natural

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*big as life (and twice as ugly)

 and *large as life (and twice as ugly); bigger than life (and twice as ugly)
Cliché a colorful way of saying that a person or a thing appeared, often surprisingly or dramatically, in a particular place. (*Also: as ~.) The little child just stood there as big as life and laughed very hard. I opened the door, and there was Tom as large as life. I came home and found this cat in my chair, as big as life and twice as ugly.
See also: big, life

die a natural death

 
1. Lit. [for someone] to die by disease or old age rather than by violence or foul play. I hope to live to 100 and die a natural death. The police say she didn't die a natural death, and they are investigating.
2. Fig. [for something] to fade away or die down. I expect that all this excitement about the scandal will die a natural death. Most fads die a natural death.
See also: death, die, natural

*second nature to someone

easy and natural for someone. (*Typically: be ~; become ~.) Swimming is second nature to Jane. Flying a helicopter is no problem for Bob. It's become second nature to him.
See also: nature, second

die a death

  (British) also die a natural death (American & Australian)
to fail and end The principle of free health care for everyone is likely to die a death in the next ten years. The play, like so many others, died a natural death after only one week.
See also: death, die

natural-born

  (informal)
having the qualities and abilities which you need in order to be good at doing a particular thing (always before noun) Carl was a natural-born salesman, and quickly expanded the company's world-wide sales.

big as life

Also, large as life. In person, as in And there was Mary, big as life, standing right in front of me. This phrase transfers the same size as in real life (life-size) to an actual appearance. Sometimes this term is embellished with and quite as natural, presumably alluding to a likeness of a person or thing that closely resembles the real thing. A similar addition is and twice as natural, which doesn't make sense. [Late 1800s]
2. Also, larger than life; big as all outdoors. On a grand scale, as in The soap opera could well be called a larger-than-life drama, or That friend of his was as big as all outdoors. This phrase can be used either literally, for larger than life-size (second example) or figuratively. The phrase all outdoors has been used to compare something or someone to an immensity since the early 1800s.
See also: big, life

natural

see under big as life.

natural

n. someone with obvious natural talent. Can she ever dance! What a natural!

natural-born

mod. born with talent or skill. She is really a natural-born dancer.
References in periodicals archive ?
Semantic Preferences and Survey Form Age Gender: Education Semantic Assessment Naturalness Low 1 (-3) 2(-2) 1(-3) 4(0) Variety-Complexity Low Unity Low Fascination Low Vividness Low Meaningfulness Low Age Job: Naturalness 5(1) 6(2) 7(3) High Variety-Complexity High Unity High Fascination High Vividness High Meaningfulness High Photo no: Table 2.
4) Nevertheless, a claim about the naturalness of an entity may sometimes refer to its being suitable or belonging to someone or something.
To improve the naturalness of output speech we will mainly concentrate on proper cutting of the syllables and position of the syllable in the word.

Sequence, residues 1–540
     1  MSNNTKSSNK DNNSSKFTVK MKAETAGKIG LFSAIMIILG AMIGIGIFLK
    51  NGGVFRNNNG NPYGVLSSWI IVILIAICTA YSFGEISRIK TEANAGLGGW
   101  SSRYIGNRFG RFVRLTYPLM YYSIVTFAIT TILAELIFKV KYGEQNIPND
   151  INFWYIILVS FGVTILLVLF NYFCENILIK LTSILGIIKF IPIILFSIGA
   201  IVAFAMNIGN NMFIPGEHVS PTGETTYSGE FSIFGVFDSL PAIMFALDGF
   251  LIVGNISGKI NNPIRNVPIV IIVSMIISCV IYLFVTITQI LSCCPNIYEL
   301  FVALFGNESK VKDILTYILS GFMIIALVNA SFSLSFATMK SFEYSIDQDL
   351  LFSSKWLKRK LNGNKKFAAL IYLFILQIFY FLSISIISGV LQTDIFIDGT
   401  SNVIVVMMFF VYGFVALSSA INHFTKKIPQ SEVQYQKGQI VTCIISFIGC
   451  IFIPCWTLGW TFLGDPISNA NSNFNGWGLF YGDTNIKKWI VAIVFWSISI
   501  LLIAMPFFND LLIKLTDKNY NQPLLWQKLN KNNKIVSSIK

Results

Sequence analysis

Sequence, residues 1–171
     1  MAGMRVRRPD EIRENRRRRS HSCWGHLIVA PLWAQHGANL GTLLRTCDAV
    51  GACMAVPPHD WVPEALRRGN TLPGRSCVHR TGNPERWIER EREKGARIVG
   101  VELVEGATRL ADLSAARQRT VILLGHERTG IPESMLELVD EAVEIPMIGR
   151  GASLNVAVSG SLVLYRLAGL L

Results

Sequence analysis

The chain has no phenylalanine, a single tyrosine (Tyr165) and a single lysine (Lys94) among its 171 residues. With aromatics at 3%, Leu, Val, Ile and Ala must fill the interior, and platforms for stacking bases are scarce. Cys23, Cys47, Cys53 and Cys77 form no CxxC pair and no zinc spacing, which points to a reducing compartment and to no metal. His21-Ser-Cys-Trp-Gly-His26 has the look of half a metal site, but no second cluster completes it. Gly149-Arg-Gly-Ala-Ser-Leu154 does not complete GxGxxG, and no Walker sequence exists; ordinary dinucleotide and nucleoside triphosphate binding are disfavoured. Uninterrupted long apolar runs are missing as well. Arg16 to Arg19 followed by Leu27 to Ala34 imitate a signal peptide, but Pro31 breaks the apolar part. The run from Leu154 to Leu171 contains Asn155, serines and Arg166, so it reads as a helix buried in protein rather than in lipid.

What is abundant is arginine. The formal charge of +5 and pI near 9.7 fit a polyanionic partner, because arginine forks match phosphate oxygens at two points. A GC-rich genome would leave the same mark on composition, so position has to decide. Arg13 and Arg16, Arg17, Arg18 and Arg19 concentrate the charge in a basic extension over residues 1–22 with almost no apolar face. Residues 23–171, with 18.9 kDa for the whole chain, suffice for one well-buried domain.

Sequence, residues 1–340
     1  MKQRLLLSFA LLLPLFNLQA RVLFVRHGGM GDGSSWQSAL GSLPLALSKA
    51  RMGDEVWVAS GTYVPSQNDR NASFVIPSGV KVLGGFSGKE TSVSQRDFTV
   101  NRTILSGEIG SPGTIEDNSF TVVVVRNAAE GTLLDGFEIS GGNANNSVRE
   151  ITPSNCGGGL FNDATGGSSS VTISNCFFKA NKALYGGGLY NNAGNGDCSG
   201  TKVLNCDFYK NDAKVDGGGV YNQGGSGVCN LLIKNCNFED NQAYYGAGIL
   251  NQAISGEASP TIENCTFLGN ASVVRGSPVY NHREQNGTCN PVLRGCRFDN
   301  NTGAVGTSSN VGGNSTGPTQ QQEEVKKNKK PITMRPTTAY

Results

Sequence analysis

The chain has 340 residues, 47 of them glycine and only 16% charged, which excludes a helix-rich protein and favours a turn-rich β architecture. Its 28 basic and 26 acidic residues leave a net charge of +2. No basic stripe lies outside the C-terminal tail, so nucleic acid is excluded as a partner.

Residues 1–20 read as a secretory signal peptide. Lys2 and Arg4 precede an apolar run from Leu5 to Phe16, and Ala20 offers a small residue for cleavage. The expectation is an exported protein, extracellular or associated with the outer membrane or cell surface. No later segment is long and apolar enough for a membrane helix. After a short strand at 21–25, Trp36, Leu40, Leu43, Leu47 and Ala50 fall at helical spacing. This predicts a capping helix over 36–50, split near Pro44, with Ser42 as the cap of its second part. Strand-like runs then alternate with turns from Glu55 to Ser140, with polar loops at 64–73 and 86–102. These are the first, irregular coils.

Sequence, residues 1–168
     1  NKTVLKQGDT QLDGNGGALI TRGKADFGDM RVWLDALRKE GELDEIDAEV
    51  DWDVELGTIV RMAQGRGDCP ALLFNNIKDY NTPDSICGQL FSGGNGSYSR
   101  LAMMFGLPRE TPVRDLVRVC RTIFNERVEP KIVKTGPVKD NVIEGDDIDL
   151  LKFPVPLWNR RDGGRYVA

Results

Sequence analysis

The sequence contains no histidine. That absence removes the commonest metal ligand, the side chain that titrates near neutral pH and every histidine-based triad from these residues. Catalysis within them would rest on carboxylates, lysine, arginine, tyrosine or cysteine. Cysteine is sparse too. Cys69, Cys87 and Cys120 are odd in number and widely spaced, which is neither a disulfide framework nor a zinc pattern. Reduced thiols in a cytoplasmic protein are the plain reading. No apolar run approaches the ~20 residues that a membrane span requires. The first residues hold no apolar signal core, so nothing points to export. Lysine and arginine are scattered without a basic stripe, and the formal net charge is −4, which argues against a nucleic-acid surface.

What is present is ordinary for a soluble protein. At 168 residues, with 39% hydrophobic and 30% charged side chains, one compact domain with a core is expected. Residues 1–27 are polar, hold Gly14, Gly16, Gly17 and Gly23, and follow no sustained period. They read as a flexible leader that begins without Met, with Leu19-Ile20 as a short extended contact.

This view of naturalness is commonplace in linguistics (Havers 1931: 171), under the names of tendency to economize (utilized first of all by the speaker) and tendency to be accurate (mainly in the hearer's interest).
The charm of their idyllic romance is captured during long walks in the countryside, where Benny's naturalness allows them to talk easily about everything, even their growing desire for sex.
It is a way of life that is typically Japanese, and yet it reflects the mysticism of India, the Taoist's love of naturalness and spontaneity, and the thorough pragmatism of the Confucian mind.
The significance of social context on behavior, the need for psychology to be concerned with ethical perspectives, and the naturalness and necessity of conflict in life are some of Erikson's themes emphasized by the video.
com/research/smlt9q/functionality) has announced the addition of the "Functionality, Naturalness and Stevia Key to Developing Beverages to Fit Today's trends" report to their offering.
ECOCERT also checks for the absence of GM0s, parabens, phenoxyethanol, nanoparticles, silicon and animal-derived ingredients, a fact, which further highlights the naturalness of the solutions Galactic provides.
The research shows 74% of people surveyed thought that "natural" meant "healthier," illustrating just how strongly the idea of naturalness is when connected to healthier products.
The other accepts real natural properties but takes their naturalness to come by degrees.
Although health is normally not a key driver in confectionery purchasing and consumption, the rising level of interest in naturalness as a whole has been making a growing impression in the confectionery sector and driving the move to 'clean labelling' by the industry.
com adds "Functionality, Naturalness and Stevia Key to Developing Beverages to Fit Today's trends" to its library of market research reports.
Intelligent Nutrients--the certified organic health and beauty brand created by Aveda founder Horst Rechelbacher--recently received high marks in a brand assessment by Organic Monitor, for the brand's high naturalness in their products.
Head of retail and wholesale for Esprit in Australia, Sophia Hwang-Judiesch, admitted that Bundchen is a figure, who embodies the elegance, charisma and naturalness the brand was trying to represent.
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